The 636 unsung heroes of the Labour Party

Luke Akehurst

I’m using my column this week to put in a plug for the 636 unsung heroes of the Labour Party, Constituency Labour Party (CLP) Secretaries. As an NEC member I think they deserve a lot more recognition.

Being Secretary is the key job in any local Labour Party and without it nothing happens. Almost all CLP Secretaries are unpaid volunteers and the role involves a daunting amount of administration and paperwork, acting both as the person who leads communication with members, administers the internal democracy of the party, convenes constituency meetings, drafts their agendas and minutes, follows up the actions agreed, and is the point of contact for all external bodies whether higher bodies in the party at borough, regional and national level; party lobby groups, single-issue campaigns and factions; and third parties such as national or local NGOs. Often the Secretary also takes a leading role in party development, recruitment, campaigning and fundraising too.

A weak or incompetent CLP Secretary can mean Labour’s constituency organisation collapses. A strong and dynamic one can change the culture of a local party to make it far more outward-looking and vibrant.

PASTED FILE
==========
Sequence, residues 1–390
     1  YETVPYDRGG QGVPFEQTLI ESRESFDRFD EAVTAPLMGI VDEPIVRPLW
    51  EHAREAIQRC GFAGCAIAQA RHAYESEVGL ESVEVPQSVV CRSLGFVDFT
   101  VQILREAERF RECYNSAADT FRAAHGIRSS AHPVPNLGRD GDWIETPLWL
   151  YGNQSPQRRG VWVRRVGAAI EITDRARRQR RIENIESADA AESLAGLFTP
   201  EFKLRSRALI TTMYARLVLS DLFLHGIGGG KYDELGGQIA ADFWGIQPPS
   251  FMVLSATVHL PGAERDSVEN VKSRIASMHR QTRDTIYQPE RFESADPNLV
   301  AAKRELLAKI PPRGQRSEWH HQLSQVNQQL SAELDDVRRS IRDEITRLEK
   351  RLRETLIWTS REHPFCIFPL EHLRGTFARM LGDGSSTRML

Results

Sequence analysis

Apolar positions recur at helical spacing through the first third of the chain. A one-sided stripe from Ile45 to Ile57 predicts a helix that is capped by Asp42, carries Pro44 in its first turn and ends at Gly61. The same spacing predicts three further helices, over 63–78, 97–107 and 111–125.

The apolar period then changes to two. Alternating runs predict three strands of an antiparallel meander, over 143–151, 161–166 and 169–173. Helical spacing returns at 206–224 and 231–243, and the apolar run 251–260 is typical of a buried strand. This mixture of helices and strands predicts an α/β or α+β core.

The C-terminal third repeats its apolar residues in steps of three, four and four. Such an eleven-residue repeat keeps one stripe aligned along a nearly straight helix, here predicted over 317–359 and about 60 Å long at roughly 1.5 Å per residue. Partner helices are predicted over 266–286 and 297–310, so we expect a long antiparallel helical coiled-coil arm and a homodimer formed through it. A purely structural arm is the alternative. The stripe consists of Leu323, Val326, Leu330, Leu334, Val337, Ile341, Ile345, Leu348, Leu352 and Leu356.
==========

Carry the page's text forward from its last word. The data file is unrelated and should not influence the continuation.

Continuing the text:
The trials and tribulations, and highs and lows of life as a CLP Secretary are captured by Ann Baldwin of Colne Valley CLP, which at 120 years old is Labour’s oldest constituency organisation, in her new blog.

It’s worth reading if you are a CLP or branch secretary yourself and want to share tips on best practice or get mutual support; if you are someone who is thinking about taking on the role and wants to understand the scope and challenge of it; or if you are just a Labour aficionado who is interested in the politics and organisation of a constituency party which is both ordinary and extraordinary in that it is an unusual 3-way marginal with a history colourful enough – stretching back to the independent socialist MP Victor Grayson, who mysteriously disappeared after WW1 – that its former MP David Clark wrote a whole book about it(“Colne Valley: radicalism to socialism”).

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